Report states genetic ban is costing SA farmers

In review: An independent report on South Australia's genetically modified food crop ban has been released with some interesting results. Photo: Supplied.
In review: An independent report on South Australia's genetically modified food crop ban has been released with some interesting results. Photo: Supplied.

A moratorium on genetically modified crops has cost South Australian grain farmers up to $33 million over the past 15 years, according to an independent review.

The information has come from a report, the Independent South Australian Genetically Modified (GM) Food Crop Moratorium, which was carried out by Emeritus Professor Kym Anderson AC.

South Australian Primary Industries Minister Tim Whetstone said the review stated the GM moratorium had discouraged public and private investment in research and development within South Australia.

“The report conservatively estimates the cost to our farmers of the GM moratorium since 2004 is up to $33 million, and if extended to 2025, farmers face losing at least another $5 million," Mr Whetstone said.

“Professor Anderson advises a majority of the non-campaign generated submissions to the review favoured the immediate removal of the state’s moratorium on GM crop production and transport.

“A small number of submitters favoured a proposal to retain the GM moratorium on Kangaroo Island if the review was to result in removing the moratorium on the South Australian mainland.​"

The Kangaroo Island submissions touted that the area would benefit from an exclusion zone to allow for access to the Japanese market for GM-free grain.

Other reasonings of allowing GM crops in South Australia included farmers having more varieties of grain to choose from to suit soils, certain environments and weather conditions, as well as the environmental benefits from less chemical applications.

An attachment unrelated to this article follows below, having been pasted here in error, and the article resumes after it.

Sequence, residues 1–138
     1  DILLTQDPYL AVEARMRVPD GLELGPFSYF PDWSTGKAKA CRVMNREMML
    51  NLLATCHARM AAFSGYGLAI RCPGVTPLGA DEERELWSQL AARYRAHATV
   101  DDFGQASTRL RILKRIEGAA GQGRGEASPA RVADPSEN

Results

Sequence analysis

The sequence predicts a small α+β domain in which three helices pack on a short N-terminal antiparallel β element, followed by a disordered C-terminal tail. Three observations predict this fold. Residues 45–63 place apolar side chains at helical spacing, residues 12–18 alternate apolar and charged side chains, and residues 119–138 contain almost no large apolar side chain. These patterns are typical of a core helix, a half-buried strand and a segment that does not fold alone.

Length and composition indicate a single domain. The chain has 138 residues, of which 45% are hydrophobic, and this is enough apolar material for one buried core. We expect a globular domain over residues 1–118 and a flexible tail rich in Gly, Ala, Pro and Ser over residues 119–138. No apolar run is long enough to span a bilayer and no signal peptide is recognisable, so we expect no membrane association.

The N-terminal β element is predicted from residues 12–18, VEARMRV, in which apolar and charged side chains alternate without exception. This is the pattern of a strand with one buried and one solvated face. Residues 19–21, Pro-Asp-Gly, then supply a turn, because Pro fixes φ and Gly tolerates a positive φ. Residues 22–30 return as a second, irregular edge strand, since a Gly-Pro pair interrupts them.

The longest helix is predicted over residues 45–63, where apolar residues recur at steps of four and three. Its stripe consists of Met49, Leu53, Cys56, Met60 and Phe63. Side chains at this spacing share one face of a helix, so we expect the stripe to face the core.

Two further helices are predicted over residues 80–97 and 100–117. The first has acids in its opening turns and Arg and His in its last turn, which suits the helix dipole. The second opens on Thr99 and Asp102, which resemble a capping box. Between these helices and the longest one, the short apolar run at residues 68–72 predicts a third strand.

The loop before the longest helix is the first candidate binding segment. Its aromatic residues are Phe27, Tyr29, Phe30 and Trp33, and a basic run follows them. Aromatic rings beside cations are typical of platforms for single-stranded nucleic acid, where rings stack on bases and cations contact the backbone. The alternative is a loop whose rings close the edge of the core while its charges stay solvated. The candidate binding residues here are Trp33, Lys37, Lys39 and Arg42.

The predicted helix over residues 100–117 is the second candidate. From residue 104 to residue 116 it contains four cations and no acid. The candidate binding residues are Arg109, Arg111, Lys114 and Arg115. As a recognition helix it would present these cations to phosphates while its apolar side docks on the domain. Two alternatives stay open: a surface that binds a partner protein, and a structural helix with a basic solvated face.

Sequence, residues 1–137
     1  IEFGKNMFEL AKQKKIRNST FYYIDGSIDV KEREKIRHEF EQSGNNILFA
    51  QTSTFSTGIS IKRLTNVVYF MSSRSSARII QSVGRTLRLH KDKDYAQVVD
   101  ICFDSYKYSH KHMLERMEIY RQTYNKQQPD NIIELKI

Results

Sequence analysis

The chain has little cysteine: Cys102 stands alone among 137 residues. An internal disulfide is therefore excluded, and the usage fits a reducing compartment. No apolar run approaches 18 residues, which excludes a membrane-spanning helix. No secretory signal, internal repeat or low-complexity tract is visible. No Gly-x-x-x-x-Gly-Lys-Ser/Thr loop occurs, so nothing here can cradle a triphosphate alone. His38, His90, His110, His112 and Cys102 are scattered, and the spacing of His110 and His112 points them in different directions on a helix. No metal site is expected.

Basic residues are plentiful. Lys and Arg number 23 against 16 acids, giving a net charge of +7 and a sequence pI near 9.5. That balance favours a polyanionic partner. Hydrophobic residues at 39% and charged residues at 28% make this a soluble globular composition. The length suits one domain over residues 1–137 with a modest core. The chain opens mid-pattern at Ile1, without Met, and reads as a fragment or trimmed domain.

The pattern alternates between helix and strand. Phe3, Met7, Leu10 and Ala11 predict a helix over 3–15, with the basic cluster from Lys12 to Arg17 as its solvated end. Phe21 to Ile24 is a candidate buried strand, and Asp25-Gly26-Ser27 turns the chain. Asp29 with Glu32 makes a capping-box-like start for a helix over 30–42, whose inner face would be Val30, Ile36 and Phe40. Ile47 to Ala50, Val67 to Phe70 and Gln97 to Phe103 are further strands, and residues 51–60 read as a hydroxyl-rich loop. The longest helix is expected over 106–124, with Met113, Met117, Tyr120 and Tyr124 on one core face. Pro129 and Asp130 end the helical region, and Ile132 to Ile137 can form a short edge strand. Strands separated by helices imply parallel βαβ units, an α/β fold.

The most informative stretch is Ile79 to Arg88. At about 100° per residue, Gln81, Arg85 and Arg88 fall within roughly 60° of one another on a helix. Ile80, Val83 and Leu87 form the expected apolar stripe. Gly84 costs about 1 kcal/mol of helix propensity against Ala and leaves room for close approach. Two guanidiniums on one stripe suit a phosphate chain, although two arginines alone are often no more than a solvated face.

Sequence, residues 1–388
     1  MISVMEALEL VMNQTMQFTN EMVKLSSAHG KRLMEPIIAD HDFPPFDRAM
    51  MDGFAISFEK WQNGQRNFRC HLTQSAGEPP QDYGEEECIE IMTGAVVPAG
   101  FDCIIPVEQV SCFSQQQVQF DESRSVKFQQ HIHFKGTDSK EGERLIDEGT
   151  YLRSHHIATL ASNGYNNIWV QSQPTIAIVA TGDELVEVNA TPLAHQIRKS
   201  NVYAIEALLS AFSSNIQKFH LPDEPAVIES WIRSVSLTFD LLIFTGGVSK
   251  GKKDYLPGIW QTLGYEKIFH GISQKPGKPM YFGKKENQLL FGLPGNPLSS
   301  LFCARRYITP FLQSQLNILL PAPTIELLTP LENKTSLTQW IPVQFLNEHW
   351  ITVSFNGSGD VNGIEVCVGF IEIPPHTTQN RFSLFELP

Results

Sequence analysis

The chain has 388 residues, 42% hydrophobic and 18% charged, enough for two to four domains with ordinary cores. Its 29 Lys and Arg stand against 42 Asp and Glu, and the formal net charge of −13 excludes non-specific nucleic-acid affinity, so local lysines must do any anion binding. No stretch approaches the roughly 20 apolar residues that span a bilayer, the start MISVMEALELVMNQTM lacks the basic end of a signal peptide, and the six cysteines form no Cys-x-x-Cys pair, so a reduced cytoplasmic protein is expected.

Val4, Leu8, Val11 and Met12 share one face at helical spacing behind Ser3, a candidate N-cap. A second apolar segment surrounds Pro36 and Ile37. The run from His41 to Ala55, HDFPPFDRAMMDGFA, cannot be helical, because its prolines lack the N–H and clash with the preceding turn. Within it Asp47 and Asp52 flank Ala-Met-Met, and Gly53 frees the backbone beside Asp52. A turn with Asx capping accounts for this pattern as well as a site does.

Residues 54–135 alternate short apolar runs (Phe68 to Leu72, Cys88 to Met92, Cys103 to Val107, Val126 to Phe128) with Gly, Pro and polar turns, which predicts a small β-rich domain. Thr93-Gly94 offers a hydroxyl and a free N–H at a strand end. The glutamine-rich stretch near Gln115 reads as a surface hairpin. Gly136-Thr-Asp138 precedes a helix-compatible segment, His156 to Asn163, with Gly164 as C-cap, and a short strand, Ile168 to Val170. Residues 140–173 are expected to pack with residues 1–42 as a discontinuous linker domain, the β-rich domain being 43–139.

Mr Whetstone said the government would consider the 19 findings, submissions and factors before making a decision to lift the moratorium.

Overturning the ban would have to include a change of parliamentary legislation as the Genetically Modified Crop Management Regulations 2008 is not set to expire until September 2025. 

Grain Producers SA chair Wade Dabinett welcomed the results of the review.

Mr Dabinett said the costs of the moratorium would continue to cause grain growers to lose funds as new GM varieties were made available.

“We strongly believe that growers deserve the freedom to grow the cereal, legume and oilseed varieties that best fit their farming system," he said.

"The report makes it clear that the industry is able to manage segregation of GM and non-GM varieties, as is successfully managed in other states."

Mr Dabinett said the report showed there seemed to be no premium for South Australian grain, despite the ban.

“The current moratorium on the commercial cultivation of GM crops has run its course," he said.

"The government must now begin the process of removing this handbrake on our industry.”

Grain Producers SA placed one of the 216 public submissions to the review asking to end the ban.

Livestock SA, Primary Producers SA, SA Dairy Farmers and National Farmers' Federation were also among the public submissions which supported lifting the ban while 150 submissions were sent opposing the growing of GM crops in South Australia, most from statements copied through the campaign website https://dogooder.co.

FEEDBACK

The State Government is now seeking feedback from industry, farmers and community stakeholders while also using targeted consultations in an effort to make a final decision.

Written submissions should respond to the information and findings found in the independent report and tackle ideas such as enhancing farm gate returns; reducing red tape on farmers and the supply chain; and growing employment and the state economy.

Closing date on submissions is March 6, at 5pm.

- Details: To view the full list of findings of the report visit www.pir.sa.gov.au/gmreview

This story Genetic ban costs farmers first appeared on Barossa & Light Herald.